There was a silence. They could hear the low hum of the telescope’s clock-drive as it tracked the sky.

`Bloody Dieter’ Lev muttered.

`Lev, it’ll be alright. Something else will come up.’

A couple of months ago Lev’s old friend Dieter Kaufmann had called to say there was a position in his department down in Texas. Lev had applied formally and been chosen as one of three finalists for the job. A week ago he’d flown down for an interview. Today Dieter had called to tell him he hadn’t got the job.

`Dieter tries to console me by telling me the job’s not senior enough for someone of my standing anyway. What do you think about that?’

`I suppose that means they want someone younger.’

`Precisely. Ha! At least I can rely on one person not to mince her words.’

`They probably want a woman too Lev. You know what it’s like. Or someone from a minority group. Or both.’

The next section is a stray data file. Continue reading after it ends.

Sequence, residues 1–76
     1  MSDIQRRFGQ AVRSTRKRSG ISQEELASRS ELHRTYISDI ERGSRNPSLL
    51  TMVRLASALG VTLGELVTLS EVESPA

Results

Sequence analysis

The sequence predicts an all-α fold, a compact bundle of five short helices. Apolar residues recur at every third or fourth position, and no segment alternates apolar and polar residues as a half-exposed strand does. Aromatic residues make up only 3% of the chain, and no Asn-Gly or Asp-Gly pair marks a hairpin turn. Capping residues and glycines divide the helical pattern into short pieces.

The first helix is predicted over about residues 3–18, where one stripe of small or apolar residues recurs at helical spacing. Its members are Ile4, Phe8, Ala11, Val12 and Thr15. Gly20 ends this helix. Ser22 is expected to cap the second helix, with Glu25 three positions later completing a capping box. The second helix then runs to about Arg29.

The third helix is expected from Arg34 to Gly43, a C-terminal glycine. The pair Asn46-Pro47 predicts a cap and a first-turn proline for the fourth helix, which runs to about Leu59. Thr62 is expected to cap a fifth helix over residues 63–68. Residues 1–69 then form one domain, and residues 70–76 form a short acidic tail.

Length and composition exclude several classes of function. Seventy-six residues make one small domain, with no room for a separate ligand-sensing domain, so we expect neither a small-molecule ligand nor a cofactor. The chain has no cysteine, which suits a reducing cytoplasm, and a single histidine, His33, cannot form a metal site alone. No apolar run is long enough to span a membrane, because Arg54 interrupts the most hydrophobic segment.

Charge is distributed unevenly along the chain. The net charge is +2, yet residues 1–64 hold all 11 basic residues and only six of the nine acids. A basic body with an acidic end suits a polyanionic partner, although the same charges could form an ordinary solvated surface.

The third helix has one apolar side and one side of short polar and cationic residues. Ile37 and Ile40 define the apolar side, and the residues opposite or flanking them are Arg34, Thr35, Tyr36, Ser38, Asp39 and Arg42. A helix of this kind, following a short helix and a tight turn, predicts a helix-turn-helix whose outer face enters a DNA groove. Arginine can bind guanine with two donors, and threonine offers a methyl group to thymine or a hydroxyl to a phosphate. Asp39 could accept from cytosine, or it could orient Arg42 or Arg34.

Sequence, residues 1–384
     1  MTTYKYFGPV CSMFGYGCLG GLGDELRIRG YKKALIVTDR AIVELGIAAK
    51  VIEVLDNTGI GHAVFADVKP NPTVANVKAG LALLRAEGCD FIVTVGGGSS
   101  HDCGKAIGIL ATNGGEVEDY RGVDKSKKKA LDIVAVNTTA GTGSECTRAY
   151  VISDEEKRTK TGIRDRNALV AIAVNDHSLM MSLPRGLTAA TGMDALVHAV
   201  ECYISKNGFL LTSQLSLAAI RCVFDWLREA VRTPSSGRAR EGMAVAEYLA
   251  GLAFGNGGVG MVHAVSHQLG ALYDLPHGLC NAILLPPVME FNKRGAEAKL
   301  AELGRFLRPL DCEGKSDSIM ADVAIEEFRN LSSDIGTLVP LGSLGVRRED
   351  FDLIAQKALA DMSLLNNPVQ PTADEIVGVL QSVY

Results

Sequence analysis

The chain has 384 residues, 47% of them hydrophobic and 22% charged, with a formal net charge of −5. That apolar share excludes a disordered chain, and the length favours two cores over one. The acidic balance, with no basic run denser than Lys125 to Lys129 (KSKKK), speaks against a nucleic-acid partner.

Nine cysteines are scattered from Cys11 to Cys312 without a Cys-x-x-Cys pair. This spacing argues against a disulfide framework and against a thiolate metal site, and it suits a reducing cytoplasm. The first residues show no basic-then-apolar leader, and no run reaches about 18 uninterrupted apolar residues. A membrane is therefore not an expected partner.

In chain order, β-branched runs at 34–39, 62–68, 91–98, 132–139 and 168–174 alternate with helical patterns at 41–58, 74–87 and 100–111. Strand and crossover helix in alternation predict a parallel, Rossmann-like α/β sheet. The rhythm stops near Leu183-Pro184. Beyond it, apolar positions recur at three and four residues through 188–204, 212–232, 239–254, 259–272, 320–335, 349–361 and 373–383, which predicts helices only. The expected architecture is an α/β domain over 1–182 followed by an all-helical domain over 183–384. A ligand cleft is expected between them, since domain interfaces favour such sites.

`Yes, yes. Well, I’ve always been in favor of that.’

Bryony straightened up.

`You have another look Lev. It’s already moving out of view.’

Lev caught a look in her eye as he changed places with her.

`What is it?’


He gazed at her a moment. The supple skin over the delicate bones in her face seemed almost fluid in the moonlight, like glassily clear water over smooth rocks. She was still almost painfully dear to him.

`Are you worrying about me?

`Well -‘

`Don’t, I’ve survived worse than this.’


He kissed her lightly on the lips, then reapplied his eye to the lens.

`Anyway, I told Dieter the news.’

`What news Lev?’

`About the little fellows. What else?’

`I thought we weren’t going to tell anybody yet.’

`Well… I wanted to say something a little bit human. Otherwise the conversation was getting so formal…’